Gif player does it using paper medium

Ditch that fancy wide-format LCD monitor and go back to the days when animation was made up of moving frames played back by a specialized device. [Pieterjan Grandry] built this gif player which does just that. The frames of the animation are printed on a paper disk. When spun and viewed through a looking hole the same size as one frame an animated image is formed.

If you know a thing or two about how movie projectors work you might have a raised eyebrow right now. To make the animation smooth you need a way to hide the changing of the frames. With a projector there’s usually a spinning shutter (like a fan) that covers the transition between frames. In this case, [Pieterjan] has mounted the case of the gif player far enough in front of the paper disk that the image is in shadow, making it hard to see. A microcontroller responsible for the speed of the spinning disk flashes some white LEDs with precise timing which gives light to each frame at just the right time.

This is really a 2D equivalent to the 3D stroboscope we saw a few days ago.

[Thanks Agtrier]

Stroboscope project uses optical drive motor and Arduino

In the quest for a diy laser cutter made from DVD burner parts (that hack’s still in the works) this guy ended up with a junk box full of optical-drive leftovers. He put some of that surplus to good use by building this stroboscope. As the media spins, the white LED just out of focus in the foreground strobes to freeze the little black figure in the same place. The effect, as seen in the video after the break, is a dancing figure created by the optical illusion.

This is the same concept as that amazing 3D rowing skeleton build, but scaled down greatly. Each of the silhouettes seen above are slightly different, showing one pose that makes up a frame of the overall animation. They’re laser cut, but some careful paper-craft could probably accomplish the same thing. Assuming you could keep them from warping when spinning at high speeds.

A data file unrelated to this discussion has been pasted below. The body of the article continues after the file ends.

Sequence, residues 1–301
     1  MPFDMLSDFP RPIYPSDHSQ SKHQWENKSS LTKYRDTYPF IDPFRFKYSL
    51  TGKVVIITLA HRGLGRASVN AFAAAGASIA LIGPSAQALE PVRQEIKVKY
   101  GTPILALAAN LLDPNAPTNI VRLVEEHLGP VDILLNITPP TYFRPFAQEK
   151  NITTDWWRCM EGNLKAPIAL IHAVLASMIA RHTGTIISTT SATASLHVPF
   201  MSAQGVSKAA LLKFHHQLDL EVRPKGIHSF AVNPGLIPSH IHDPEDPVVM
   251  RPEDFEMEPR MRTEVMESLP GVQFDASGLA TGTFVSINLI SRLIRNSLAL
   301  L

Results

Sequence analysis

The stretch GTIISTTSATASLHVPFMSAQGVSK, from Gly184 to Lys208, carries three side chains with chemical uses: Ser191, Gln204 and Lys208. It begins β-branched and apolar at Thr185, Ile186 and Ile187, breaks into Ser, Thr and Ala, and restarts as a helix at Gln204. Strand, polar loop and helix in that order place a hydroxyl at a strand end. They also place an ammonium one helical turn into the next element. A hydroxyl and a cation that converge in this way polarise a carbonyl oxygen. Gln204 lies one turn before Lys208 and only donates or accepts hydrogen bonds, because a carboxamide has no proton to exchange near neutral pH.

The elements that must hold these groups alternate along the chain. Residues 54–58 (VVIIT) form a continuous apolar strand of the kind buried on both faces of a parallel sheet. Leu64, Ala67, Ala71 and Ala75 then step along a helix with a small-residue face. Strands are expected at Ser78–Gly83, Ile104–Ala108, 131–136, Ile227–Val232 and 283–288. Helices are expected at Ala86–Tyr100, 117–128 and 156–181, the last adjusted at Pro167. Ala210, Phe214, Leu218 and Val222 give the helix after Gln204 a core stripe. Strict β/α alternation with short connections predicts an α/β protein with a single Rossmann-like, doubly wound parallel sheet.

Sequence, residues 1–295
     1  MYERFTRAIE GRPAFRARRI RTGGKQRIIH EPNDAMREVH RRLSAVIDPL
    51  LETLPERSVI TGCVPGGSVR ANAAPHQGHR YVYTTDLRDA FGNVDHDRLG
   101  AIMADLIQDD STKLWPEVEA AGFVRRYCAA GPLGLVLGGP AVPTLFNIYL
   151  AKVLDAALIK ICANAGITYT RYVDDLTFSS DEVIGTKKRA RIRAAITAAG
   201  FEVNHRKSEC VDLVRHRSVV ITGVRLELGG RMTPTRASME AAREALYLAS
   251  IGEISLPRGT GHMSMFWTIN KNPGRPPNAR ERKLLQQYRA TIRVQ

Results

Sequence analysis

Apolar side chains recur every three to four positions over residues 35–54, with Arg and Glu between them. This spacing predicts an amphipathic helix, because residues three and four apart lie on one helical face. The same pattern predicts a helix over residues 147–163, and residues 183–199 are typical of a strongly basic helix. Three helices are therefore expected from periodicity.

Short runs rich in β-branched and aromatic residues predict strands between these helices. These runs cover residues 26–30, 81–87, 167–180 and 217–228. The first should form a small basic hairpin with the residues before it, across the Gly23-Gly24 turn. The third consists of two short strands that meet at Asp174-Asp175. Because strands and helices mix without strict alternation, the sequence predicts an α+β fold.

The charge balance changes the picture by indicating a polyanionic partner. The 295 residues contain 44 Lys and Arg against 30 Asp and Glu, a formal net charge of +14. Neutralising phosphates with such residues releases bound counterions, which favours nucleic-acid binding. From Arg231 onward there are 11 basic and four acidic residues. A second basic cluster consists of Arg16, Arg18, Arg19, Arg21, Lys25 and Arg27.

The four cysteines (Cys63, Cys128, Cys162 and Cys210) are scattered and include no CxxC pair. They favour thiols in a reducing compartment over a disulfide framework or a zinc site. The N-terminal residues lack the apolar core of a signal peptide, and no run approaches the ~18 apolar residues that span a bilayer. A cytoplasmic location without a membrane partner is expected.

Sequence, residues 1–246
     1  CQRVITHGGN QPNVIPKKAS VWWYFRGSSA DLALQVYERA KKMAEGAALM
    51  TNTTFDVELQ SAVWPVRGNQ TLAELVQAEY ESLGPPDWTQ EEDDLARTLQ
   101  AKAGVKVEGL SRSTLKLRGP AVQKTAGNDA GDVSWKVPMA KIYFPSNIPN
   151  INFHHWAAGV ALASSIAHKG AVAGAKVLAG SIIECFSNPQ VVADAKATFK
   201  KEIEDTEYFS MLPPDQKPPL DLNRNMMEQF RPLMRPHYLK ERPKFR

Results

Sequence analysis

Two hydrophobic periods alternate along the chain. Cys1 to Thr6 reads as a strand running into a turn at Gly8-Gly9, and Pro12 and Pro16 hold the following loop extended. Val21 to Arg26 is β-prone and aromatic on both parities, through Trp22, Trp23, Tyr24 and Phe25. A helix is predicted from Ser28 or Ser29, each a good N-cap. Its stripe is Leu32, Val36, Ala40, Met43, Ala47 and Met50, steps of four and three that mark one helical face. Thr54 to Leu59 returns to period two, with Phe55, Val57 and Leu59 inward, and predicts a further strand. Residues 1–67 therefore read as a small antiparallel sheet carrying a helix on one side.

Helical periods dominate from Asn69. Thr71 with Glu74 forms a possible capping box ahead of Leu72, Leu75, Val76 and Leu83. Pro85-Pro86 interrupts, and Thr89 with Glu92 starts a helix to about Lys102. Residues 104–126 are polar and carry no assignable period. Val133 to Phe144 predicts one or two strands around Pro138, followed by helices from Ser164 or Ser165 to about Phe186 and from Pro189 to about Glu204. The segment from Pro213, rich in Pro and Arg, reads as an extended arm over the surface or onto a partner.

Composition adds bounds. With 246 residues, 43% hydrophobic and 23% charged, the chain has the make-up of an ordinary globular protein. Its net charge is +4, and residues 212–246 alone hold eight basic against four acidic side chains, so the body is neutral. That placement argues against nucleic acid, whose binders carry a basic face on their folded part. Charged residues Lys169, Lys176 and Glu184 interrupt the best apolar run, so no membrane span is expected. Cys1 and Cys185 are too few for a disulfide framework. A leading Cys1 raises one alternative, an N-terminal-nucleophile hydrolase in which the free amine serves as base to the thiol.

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Easy DIY stroboscope

stroboscope_output

Looking for something to do in his downtime, [Mista Sparkle] decided that building a simple stroboscope was in order. He already had a set of six LEDs connected to his Arduino from a previous project, so he added a potentiometer to control the rate at which the LEDs flashed, and dug into the IDE.

During his build he discovered that using the Arduino millis() function at high speeds provides terrible resolution, while using the micros() function exclusively limits his low end measuring capabilities. He desired a better range of measurement, so his program was broken into main functions: One which measures the LED flashing frequency in milliseconds and another that measures the LED flashing frequency in microseconds. This allowed him to gauge rotational frequencies from 577 to 30,000 RPM.

[Mista Sparkle] admits that he is not yet well-versed in driving displays with the Arduino, so he views his readings over a serial connection on his PC. Hopefully we’ll see an updated version with those features in the near future.

Stroboscope LED fan clock


[sprite_tm] sent in one of his latest little adventures – and I love it. To create his stroboscope fan clock, he put a couple of red and green clock hands onto a standard PC fan(I love Panaflo fans), then he built a circuit to strobe a RGB LED to create a set of virtual clock hands on the spinning fan. An ATTiny2313 does all the work, with the help of some transistors to drive the LEDs.